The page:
People who respond this way tend not to have mastered the art of taking responsibility for their mistakes, nor do they understand the key improv principles of "having fun," "Be willing to fail," "focus on the big picture," and "say yes and." (wow, that's four of the five main things I teach in one example!)

Don't be this person, and don't let this person near customers in your organization - or train them quick!

Question: Do you get passive aggressive with customers? Do people in your organization? One bad experience can easily sink what could have been a great long term relationship.

The truly sad thing here is that for a small print shop like this, with the economy in the shape it's in, and with so much good-quality low-price competiton from online print service like VistaPrint, the only thing this business can differentiate themselves on is their service. Their one and only competitive advantage and they blew it big time.

Make sure your customer service is in place to handle the big and small Dings that may occur - or else your business may be in trouble too.

1 comment:

Beverly Kurtin said...

When I worked for the largest software maker in the world I ALWAYS remembered that the customer paid me, not a really nice billionaire in Washington. THE CUSTOMER PAYS ME AND I always ended my phone calls (I was a support engineer) with "Bob, what else can I help you with today?" When the customer told me the he or she didn't want to take up any more of my time I said, "Hey, the only reason I woke up and drove to work today was because YOU were going to call me; that's why I picked up the phone...so what's your question?"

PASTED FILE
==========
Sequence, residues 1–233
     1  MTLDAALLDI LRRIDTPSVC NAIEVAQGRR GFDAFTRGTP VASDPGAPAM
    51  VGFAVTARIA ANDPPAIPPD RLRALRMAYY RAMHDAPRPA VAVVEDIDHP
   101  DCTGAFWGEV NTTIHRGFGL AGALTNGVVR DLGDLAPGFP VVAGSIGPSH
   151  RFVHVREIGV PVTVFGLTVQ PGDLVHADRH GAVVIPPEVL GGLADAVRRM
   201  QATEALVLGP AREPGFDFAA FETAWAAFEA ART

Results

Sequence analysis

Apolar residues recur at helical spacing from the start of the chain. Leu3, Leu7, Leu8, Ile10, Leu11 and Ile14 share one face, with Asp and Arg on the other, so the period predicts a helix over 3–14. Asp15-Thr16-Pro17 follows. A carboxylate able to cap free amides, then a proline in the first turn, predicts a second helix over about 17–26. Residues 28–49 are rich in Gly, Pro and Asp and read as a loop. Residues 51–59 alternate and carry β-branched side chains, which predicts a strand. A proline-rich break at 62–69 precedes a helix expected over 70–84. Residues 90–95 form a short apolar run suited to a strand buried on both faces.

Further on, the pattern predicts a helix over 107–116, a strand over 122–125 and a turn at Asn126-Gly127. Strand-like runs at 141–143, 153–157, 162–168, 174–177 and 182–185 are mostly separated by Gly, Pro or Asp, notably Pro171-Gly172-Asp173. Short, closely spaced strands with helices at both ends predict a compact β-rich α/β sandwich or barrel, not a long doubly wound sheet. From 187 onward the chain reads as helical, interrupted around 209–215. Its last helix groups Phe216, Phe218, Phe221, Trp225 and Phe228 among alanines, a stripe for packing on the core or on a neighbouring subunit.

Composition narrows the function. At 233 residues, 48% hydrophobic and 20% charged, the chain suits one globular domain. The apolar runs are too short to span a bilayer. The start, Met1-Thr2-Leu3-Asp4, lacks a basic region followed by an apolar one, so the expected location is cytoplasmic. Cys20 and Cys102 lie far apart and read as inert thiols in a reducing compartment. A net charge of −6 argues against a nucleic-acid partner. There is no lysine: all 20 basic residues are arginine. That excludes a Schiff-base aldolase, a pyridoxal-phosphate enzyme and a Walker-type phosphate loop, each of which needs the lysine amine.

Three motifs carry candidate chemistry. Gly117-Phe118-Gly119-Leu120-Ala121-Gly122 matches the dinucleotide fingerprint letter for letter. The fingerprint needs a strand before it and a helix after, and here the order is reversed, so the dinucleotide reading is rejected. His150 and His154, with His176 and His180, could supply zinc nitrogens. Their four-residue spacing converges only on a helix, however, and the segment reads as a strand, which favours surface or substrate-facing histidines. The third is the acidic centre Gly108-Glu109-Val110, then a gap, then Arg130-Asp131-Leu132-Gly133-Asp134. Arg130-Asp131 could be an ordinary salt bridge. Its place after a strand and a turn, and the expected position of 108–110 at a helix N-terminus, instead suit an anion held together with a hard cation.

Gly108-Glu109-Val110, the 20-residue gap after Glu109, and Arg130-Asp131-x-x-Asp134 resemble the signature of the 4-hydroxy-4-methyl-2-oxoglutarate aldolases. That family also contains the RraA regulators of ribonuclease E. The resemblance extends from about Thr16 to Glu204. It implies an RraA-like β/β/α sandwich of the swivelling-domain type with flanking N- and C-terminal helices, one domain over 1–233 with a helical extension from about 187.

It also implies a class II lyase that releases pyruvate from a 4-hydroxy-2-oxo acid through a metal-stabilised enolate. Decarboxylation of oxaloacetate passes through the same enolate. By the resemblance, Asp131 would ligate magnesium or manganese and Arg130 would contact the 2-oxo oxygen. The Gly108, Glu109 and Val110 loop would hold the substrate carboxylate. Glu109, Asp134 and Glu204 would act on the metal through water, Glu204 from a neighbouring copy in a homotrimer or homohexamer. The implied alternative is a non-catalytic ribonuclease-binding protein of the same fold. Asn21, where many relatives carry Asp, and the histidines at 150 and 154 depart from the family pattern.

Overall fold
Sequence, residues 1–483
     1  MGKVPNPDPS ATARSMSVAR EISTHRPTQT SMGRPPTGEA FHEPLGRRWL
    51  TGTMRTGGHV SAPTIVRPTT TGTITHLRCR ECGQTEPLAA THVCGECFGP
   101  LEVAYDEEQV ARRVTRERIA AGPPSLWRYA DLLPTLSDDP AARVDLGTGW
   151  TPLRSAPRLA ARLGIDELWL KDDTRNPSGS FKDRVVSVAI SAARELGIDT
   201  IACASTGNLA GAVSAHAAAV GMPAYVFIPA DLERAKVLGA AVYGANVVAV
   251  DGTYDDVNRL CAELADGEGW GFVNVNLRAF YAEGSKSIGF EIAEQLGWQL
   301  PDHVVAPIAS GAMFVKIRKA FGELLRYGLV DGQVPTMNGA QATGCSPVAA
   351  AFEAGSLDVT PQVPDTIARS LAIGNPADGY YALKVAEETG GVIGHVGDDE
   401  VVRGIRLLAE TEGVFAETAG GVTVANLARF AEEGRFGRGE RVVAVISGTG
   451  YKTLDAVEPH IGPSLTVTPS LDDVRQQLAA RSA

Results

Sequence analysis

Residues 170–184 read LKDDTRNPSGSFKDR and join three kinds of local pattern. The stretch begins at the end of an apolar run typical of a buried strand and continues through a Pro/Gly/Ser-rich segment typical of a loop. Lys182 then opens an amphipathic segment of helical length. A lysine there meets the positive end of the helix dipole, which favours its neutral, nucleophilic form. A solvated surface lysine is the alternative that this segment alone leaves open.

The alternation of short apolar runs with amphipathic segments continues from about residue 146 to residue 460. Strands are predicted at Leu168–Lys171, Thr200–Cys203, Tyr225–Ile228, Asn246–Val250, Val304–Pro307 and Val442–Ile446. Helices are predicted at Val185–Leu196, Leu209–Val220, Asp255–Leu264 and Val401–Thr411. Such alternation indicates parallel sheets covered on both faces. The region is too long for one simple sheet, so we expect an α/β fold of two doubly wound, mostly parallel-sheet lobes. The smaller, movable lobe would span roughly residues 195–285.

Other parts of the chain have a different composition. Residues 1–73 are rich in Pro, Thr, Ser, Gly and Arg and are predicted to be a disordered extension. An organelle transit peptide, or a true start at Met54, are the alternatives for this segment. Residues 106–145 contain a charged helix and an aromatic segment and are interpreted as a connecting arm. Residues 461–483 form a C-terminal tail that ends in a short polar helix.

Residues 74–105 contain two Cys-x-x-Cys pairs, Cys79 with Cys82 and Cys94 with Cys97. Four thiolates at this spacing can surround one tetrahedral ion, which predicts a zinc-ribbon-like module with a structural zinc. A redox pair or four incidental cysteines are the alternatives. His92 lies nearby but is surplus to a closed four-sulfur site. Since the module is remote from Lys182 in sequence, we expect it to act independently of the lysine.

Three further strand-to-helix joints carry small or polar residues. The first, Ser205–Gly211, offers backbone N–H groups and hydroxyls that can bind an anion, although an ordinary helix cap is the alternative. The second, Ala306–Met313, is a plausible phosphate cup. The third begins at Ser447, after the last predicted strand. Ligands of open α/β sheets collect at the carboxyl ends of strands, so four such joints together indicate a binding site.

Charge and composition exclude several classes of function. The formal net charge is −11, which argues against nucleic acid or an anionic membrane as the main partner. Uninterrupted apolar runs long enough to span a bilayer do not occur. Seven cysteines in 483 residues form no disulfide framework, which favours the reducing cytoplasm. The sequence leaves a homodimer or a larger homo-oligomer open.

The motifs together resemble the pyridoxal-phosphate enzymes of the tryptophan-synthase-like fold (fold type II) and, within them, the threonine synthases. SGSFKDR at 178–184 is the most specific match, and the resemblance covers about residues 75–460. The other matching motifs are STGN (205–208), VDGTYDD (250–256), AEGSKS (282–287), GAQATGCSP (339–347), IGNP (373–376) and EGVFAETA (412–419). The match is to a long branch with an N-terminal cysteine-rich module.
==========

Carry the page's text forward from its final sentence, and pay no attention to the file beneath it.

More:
My idiot mangler (misspelling deliberate) couldn't understand why people sent letters lauding me; they deserved the very best support I could give them and didn't make them feel like idiots (Bob, I wasn't born screaming control, alt, delete, you're not a dummy, you just haven't learned what I have, but that's my job, to show you how to do your job better, okay?"

I've had more than my share of lousy service and when I got a chance to help some folks realize that not all computer support people were jerks.

I'd love to start a service to start teaching people how to be the best they can be in serving the public proudly and wonderfully.